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Why is there a charcuterie debate on Twitter?

Someone accused the woman who tweeted a photo of her home-prepared charcuterie board of it being 'what rich people eat.'

Aug 11, 2020, 12:56 pm*

Internet Culture

Stacey Ritzen 

Stacey Ritzen

In these starkly divided times we’re living in, it seems as though virtually anything can be fodder for fiery debate or discourse on social media. Even something as simple and innocuous as a charcuterie board isn’t safe from the internet’s ire, as we’ve unfortunately now learned.

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Yes, a charcuterie board—in which a variety of cured meats, cheeses, and various accompaniments are aesthetically laid out, typically on a wooden carving board—has sparked a controversy on Twitter. It all started earlier this week when a woman who goes by “Anjelloca Houston” on Twitter posted a photo of a fancy-looking charcuterie board that she had made for lunch. (She has since locked her account.)

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She’s got some ham, salami, brie, cheddar or other hard cheese there, as well as gherkins, Marcona almonds, toasts, and jam. All in all, we’d give it a solid 8/10, as far as charcuterie boards go.

So naturally, some troll had to come along and make Houston feel bad about indulging in her lunchtime treat. From a since-deleted account, another user retweeted her, adding the comment, “What rich people eat, I guess.”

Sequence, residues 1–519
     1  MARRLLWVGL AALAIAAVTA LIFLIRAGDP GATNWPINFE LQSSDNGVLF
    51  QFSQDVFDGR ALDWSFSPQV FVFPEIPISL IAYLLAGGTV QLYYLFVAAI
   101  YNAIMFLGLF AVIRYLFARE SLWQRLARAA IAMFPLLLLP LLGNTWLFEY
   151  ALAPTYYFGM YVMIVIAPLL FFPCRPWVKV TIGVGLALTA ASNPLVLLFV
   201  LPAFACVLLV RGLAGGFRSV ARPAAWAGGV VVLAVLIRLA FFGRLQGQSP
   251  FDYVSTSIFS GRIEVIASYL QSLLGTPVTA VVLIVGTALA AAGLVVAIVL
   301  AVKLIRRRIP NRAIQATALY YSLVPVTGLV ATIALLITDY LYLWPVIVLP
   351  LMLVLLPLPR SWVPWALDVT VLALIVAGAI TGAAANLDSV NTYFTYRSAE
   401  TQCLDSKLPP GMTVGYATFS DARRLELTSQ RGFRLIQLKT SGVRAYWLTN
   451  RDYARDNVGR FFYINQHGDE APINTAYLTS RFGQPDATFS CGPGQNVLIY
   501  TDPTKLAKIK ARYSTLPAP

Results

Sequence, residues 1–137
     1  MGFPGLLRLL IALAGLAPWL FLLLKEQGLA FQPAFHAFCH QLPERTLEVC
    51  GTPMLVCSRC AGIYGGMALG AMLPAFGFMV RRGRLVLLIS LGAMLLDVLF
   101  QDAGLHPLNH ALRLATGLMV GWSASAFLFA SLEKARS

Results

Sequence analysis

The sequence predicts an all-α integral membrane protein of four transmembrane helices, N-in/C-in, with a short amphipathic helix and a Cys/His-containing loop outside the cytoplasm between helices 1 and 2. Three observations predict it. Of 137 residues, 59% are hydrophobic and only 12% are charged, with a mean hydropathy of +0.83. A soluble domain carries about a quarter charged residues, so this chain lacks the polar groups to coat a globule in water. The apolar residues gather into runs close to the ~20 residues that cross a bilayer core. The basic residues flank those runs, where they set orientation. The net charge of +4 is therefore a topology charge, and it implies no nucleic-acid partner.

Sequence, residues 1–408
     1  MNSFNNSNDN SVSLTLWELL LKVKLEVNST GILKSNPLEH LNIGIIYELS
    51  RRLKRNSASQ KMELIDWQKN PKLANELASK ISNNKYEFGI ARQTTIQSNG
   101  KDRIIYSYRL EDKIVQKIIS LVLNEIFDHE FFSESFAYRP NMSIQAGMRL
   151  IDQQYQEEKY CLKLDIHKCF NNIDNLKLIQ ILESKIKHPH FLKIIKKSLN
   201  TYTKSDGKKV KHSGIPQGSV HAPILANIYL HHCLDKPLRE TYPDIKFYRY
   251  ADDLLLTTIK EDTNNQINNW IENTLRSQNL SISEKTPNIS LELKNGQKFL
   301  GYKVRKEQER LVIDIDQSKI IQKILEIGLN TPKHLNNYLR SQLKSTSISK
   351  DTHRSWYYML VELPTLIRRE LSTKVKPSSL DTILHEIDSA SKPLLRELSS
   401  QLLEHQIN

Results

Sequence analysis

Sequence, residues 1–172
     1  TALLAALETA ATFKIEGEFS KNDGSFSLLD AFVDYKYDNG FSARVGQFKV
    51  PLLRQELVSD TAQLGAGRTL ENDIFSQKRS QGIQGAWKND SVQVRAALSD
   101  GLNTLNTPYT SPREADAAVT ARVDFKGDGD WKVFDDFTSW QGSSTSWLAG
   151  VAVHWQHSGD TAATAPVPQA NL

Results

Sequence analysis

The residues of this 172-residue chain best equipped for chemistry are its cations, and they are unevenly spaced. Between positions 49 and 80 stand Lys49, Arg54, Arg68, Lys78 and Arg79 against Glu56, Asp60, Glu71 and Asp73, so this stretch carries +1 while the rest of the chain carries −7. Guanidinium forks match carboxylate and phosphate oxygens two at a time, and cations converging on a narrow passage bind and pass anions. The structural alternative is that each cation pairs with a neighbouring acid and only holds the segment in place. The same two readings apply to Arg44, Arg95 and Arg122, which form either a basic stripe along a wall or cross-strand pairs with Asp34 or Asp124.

In a followup tweet, Houston fired back, defending her charcuterie board.

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“This is the kind of shit I fucking hate,” she wrote. “I grew up on food stamps in the projects. I worked my ass off for every penny I have, which isn’t a lot, and which supports me and my parents.”

“Don’t judge me,” she continued, adding that the whole thing had cost her less than $20 to prepare at home.

Charcuterie debate

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As Houston’s tweet defending her charcuterie board went viral, people began debating whether or not the meal is, indeed, “what rich people eat.” Because despite the fact that these boards can often be found on pricey restaurant menus, they absolutely have working-class roots—as many were happy to point out.

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And if you really wanna get into the thick of it, plenty of others made sure to remind us that Lunchables are also technically “charcuterie” by definition. You know, as in the relatively affordable, mass-produced snacks meals parents put in their kids lunch?

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As Houston later updated, this charcuterie debacle started because of a “Charc Week” promotion for the Texas grocery chain Central Market and she loves puns.

We should have known that sharks—or “charcs,” as it may be—were behind this the whole time. Maybe Trump is onto something here with his vehement dislike of the underwater predators, after all.

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*First Published: Aug 4, 2020, 12:44 pm